Amazon touches $1tn, on pace to overtake Apple

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Amazon's shares traded as high as $2 050.50 before easing a little to end the session at $2 039.51.

Amazon.com yesterday briefly joined Apple to become the second $1 trillion publicly listed US company after its stock price more than doubled in a year as it grew rapidly in retail and cloud computing.

Its shares traded as high as $2 050.50 before easing a little to end the session at $2 039.51, up 1.3% and just short of the milestone level of $2 050.2677.

If the online retailer's shares keep up their recent pace, it would be a matter of when, not if, Amazon's stock market valuation eclipses that of iPhone maker Apple, which reached $1 trillion on 2 August.

Apple took almost 38 years as a public company to achieve the trillion-dollar milestone, while Amazon got there in 21 years. While Apple's iPhone and other devices remain popular and its revenues are growing, it is not keeping up with Amazon's blistering sales growth.

Amazon has impressed investors by diversifying into virtually every corner of the retail industry, altering how consumers buy products and putting big pressure on many brick-and-mortar stores.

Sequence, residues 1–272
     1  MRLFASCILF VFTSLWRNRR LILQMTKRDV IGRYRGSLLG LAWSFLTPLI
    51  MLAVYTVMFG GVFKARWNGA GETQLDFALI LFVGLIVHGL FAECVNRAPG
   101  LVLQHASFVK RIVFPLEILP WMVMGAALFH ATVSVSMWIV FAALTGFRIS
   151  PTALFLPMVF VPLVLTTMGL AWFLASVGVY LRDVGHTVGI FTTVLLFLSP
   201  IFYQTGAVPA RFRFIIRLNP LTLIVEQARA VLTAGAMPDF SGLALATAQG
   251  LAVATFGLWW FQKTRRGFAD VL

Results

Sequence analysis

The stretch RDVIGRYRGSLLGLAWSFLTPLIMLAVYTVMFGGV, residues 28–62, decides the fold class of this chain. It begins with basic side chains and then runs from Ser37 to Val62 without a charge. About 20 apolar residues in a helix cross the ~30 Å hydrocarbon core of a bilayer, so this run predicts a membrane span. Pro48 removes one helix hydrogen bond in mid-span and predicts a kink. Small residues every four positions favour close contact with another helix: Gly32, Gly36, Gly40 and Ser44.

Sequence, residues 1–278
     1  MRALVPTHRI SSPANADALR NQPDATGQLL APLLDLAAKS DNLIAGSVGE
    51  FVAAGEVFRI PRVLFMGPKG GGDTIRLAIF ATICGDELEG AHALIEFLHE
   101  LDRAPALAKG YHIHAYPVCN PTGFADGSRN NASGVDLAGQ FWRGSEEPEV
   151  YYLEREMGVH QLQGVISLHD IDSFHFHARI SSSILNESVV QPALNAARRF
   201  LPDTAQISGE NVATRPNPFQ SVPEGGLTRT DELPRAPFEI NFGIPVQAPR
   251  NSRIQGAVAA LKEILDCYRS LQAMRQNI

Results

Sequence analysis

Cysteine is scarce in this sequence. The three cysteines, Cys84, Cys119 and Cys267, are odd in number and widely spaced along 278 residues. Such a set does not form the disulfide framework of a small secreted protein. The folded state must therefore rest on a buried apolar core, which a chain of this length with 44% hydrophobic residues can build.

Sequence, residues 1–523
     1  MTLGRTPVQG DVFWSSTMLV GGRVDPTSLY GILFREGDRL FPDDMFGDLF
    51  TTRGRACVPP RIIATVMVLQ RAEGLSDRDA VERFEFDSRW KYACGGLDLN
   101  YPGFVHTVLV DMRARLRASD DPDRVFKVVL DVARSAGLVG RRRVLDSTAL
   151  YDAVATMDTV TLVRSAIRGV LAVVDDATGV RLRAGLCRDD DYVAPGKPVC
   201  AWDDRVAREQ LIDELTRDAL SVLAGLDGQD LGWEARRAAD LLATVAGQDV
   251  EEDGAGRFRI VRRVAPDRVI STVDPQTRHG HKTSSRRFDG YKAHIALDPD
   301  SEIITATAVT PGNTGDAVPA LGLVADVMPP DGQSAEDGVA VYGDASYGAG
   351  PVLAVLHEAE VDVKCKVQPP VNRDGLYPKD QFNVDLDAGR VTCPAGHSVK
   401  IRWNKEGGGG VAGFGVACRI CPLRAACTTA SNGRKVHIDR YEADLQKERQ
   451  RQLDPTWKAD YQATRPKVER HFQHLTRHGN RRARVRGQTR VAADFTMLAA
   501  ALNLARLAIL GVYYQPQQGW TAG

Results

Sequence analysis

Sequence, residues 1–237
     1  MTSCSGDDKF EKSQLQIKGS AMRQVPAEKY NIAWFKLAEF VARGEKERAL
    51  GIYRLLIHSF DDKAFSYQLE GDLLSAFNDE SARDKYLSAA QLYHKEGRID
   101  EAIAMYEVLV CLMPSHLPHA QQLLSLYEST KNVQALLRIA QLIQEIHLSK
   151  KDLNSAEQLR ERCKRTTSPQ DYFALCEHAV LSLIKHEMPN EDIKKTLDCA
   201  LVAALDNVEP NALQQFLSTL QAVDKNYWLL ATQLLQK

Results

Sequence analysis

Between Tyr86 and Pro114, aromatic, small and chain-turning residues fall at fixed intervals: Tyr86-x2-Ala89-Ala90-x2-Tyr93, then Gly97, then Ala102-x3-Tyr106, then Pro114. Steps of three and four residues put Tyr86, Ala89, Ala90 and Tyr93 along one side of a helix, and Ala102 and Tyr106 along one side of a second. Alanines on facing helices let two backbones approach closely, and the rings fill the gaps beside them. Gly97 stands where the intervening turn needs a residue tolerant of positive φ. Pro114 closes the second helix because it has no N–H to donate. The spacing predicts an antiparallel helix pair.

"It says a lot about Amazon and its ever-increasing dominance of segments of the retailing world as well as the Web services business," said Peter Tuz, president of Chase Investment Counsel. "They have a tiny share of the worldwide retail sales market so there's a lot left to capture there."

Amazon also provides video streaming services and bought upscale supermarket Whole Foods. Its cloud computing services for companies have become its main profit driver.

"Amazon's a little bit more dynamic than Apple because the iPhone has become more mature. Amazon's cloud business is an extra growth driver that Apple doesn't have," said Daniel Morgan, portfolio manager at Synovus Trust, who describes Amazon's cloud services as its "crown jewel".

In the second quarter, the unit accounted for 55% of Amazon's operating income and 20% of total revenue, according to Morgan.

Apple started trading in December 1980 but its stock did not truly start to take flight for another 25 years, spurred by the iPhone, the breakthrough device that left competitors in the dust.

Amazon, founded as an online book-retailer in chief executive Jeff Bezos's garage in 1994, started trading on 15 May 1997 at $1.50 on a split-adjusted basis.

By October 2009, it had risen to $100 and the stock hit $1 000 for the first time on 30 May 2017. It has held above that level since 27 October 2017.

Just 10 months later, on 30 August, Amazon shares hit $2 000 for the first time, just $50 per share away from giving the company a $1 trillion market value.

The stock is up 74.5% year to date. In comparison, Apple has risen about 35% in 2018.

Analysts expect Apple's revenue to jump 14.9% in its fiscal year ending in September, according to Thomson Reuters data, a hefty rise but still far short of Amazon's expected revenue growth of 32% for 2018.